The Supreme Court will hear oral arguments on Wednesday in a case challenging Ohio's policy of purging infrequent voters from its registration rolls. The U.S. Sixth Circuit Court of Appeals ruled that Ohio's policy of dropping voters who don't vote regularly but are otherwise eligible violates federal law, siding with the American Civil Liberties Union and Demos over Ohio's Republican government. The Obama administration had sided with the plaintiffs but the Trump administration changed sides and is backing Ohio in the case, Husted v. A. Philip Randolph Institute.
The Supreme Court is expected to hand down its ruling in late June, and if it sides with Ohio, other states would probably enact similar voter policies. Seventeen states, most of them led by Republicans, are backing Ohio in the case, while 12 mostly Democratic states want the justices to rule Ohio's law unconstitutional. A Reuters analysis in 2016 found that Ohio was purging about twice as many voters in Democratic-leaning neighborhoods versus GOP-leaning neighborhoods in Ohio's three largest counties, and if the Sixth Circuit appellate court hadn't intervened, more than 7,500 eligible voters wouldn't have been able to cast ballots in 2016.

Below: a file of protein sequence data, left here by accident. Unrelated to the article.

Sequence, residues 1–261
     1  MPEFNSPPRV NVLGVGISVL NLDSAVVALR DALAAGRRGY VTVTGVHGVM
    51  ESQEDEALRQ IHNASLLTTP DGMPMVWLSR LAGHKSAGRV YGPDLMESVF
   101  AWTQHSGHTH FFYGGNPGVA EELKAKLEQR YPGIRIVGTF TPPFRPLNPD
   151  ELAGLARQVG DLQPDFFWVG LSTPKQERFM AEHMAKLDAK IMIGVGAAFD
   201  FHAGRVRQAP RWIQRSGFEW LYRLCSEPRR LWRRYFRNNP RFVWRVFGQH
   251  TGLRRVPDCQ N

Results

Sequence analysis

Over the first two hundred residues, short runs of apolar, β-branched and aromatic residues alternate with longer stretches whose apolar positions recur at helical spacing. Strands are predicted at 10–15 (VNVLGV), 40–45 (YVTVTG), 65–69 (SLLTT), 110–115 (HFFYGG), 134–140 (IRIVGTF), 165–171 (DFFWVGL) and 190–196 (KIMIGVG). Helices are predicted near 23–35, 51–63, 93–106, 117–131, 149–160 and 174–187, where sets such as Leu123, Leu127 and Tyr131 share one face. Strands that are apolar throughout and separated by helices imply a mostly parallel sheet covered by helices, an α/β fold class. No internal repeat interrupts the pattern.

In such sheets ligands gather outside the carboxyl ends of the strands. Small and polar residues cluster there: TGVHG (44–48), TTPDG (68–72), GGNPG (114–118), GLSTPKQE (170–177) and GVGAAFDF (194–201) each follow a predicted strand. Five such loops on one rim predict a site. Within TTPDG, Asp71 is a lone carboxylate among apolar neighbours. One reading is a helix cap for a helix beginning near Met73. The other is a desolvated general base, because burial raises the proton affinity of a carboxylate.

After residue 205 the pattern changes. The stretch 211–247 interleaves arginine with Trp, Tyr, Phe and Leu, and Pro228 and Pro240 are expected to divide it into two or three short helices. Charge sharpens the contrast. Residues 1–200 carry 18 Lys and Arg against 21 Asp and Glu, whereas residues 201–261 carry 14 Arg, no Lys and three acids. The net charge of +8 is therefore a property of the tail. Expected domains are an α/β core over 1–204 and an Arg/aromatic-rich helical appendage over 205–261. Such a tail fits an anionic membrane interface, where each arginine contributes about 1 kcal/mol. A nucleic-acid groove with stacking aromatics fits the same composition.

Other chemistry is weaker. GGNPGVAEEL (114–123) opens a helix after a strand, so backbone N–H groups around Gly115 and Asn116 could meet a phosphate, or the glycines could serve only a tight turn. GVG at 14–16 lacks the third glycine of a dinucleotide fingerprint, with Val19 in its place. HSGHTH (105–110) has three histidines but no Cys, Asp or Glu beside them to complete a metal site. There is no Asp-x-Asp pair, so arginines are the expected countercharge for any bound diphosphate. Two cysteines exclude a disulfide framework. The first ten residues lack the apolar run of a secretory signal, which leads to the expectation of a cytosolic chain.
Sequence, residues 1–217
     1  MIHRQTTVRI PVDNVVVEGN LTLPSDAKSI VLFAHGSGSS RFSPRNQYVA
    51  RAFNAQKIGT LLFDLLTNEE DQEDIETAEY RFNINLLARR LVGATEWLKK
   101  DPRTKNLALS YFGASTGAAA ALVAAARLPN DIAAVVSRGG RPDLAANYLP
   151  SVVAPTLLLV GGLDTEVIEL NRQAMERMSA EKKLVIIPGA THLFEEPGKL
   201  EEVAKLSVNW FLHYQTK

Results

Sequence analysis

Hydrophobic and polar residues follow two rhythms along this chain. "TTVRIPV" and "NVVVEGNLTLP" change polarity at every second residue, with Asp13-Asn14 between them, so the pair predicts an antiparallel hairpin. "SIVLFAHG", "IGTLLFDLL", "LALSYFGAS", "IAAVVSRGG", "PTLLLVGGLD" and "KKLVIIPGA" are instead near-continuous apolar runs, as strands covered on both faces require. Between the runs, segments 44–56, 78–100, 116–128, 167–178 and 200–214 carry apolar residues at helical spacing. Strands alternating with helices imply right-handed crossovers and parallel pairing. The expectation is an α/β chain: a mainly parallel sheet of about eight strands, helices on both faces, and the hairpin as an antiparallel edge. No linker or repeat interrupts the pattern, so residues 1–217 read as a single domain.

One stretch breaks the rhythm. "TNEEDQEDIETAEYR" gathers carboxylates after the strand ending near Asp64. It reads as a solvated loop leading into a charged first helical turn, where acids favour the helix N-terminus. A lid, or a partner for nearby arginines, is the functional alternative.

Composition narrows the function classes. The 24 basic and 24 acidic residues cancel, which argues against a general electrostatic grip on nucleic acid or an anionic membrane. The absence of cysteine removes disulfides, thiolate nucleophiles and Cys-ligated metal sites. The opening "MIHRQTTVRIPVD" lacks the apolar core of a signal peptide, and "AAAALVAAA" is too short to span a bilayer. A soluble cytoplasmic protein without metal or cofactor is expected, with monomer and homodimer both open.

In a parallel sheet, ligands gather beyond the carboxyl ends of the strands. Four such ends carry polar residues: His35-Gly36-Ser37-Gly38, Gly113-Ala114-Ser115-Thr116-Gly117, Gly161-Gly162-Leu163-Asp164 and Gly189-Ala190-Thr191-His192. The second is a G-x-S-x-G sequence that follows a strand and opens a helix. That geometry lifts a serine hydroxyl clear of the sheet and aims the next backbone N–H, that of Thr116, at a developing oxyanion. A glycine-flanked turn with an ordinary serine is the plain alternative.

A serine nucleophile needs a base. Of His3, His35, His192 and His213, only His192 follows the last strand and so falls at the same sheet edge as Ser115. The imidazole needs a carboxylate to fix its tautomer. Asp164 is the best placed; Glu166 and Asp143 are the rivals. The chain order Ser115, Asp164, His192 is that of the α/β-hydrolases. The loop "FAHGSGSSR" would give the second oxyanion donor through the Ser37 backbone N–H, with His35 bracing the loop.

The Supreme Court is also considering two other voting rights cases this term, gerrymandering cases in Wisconsin and Maryland.
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